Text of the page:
— The Mahabharata of Krishna-Dwaipayana Vyasa, Volume 4 • Kisari Mohan Ganguli

... way through the lower regions to come to you; a long underground passage, that men worse than the devil planned for the destruction of mankind, and that is still filled with evidences of their deeds of terror. It is frightful to wander there. The secret of this hidden way, I learned ...
— Peter the Priest • Mr Jkai

... profit before their post was sold again to some fresh and possibly higher bidder? The officials waxed rich on ill- gotten wealth, and a few individuals accumulated enormous fortunes, while the government sank lower and lower in the estimation of the people. It lost also in efficiency and striking power. A corrupt and effeminate body of officers and administrators can serve but as poor defenders for an embarrassed ...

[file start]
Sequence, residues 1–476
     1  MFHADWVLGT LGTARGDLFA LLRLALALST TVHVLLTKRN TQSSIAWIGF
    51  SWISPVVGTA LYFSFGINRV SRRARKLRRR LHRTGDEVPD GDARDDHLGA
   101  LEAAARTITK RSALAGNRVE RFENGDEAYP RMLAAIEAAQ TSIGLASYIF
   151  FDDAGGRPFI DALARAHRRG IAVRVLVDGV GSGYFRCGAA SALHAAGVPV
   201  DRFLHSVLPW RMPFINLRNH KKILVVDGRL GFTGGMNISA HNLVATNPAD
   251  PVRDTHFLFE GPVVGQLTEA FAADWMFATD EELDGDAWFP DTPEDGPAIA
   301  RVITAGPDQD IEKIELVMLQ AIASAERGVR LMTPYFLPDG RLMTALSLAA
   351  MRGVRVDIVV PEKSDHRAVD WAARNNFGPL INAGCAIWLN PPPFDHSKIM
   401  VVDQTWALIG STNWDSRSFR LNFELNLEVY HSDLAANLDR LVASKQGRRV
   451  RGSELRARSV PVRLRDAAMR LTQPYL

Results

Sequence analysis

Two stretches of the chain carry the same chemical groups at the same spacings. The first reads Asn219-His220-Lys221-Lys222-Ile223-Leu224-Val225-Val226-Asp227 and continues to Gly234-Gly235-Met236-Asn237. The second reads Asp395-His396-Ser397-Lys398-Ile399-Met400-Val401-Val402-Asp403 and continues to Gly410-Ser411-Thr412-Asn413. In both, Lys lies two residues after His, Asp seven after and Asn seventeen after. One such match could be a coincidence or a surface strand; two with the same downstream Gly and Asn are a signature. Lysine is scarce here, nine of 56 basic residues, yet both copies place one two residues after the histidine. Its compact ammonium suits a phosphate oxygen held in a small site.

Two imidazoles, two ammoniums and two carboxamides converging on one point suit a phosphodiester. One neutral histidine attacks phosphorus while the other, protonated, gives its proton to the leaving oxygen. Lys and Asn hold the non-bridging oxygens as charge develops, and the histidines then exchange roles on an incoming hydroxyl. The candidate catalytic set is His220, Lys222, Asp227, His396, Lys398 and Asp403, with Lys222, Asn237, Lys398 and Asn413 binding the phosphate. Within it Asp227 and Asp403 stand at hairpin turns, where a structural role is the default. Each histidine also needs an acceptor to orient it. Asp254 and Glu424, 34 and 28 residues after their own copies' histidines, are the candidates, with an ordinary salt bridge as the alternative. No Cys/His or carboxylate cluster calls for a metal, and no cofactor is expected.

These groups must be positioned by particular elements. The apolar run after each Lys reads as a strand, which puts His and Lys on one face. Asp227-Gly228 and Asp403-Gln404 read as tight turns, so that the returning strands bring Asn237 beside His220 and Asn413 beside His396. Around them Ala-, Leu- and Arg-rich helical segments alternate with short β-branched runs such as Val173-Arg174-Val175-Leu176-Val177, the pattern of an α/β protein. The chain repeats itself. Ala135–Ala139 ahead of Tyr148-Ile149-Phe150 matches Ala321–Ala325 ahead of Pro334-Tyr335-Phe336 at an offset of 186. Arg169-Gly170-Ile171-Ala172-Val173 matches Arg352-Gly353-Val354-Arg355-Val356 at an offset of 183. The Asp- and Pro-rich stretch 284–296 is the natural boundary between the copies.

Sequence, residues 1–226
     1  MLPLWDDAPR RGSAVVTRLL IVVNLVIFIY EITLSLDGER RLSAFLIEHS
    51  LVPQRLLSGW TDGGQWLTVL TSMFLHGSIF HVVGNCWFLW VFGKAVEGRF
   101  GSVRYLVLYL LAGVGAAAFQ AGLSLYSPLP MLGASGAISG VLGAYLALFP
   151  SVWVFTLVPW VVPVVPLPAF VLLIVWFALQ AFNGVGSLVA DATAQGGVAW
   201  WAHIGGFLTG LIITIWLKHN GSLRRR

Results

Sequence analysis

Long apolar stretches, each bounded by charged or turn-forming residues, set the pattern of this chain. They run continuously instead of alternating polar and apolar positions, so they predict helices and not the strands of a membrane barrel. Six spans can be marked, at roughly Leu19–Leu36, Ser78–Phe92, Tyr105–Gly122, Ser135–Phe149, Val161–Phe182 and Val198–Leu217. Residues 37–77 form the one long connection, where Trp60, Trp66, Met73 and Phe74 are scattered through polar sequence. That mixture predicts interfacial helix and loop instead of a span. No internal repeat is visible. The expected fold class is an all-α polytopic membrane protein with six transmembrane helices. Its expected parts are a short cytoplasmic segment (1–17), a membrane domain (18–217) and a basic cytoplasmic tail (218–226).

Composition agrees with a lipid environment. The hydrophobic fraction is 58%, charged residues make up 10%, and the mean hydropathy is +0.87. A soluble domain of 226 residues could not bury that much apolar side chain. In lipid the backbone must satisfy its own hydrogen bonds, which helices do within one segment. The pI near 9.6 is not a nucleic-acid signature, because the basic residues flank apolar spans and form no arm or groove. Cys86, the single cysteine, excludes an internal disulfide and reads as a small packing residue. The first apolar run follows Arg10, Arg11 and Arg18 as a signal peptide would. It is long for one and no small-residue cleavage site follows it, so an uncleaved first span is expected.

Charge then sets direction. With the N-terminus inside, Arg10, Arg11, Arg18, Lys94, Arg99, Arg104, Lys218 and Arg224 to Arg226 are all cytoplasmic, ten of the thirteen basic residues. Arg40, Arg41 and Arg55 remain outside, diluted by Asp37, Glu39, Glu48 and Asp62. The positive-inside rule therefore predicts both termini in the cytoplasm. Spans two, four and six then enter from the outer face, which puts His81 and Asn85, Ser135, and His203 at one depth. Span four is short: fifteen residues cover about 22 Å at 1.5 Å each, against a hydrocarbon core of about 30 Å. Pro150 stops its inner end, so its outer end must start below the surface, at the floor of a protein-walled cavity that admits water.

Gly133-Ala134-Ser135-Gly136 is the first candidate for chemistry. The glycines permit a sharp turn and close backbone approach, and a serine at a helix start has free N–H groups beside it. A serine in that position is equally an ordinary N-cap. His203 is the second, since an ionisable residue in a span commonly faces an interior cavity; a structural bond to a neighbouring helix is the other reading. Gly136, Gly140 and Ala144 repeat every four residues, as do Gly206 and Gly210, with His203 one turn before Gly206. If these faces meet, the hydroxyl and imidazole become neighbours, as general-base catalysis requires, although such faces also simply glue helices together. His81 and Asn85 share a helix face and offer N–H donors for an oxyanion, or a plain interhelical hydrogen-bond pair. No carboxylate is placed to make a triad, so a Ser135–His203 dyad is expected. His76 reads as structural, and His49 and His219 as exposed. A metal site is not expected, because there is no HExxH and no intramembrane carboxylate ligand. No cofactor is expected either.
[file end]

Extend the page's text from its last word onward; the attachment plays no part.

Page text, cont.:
— China • Demetrius Charles Boulger

... the regulation of the Church is as decisive as a multitude; and though the New Testament distinctly records only one instance in which a question of difficulty was referred by a lower to a higher ecclesiastical tribunal, this case sufficiently illustrates the character of the primitive polity. A very substantial reason can be given why Scripture takes so little notice of the meetings of Christian judicatories. The different portions of the New Testament were put into ...
— The Ancient Church - Its History, Doctrine, Worship, and Constitution • W.D. [William Dool] Killen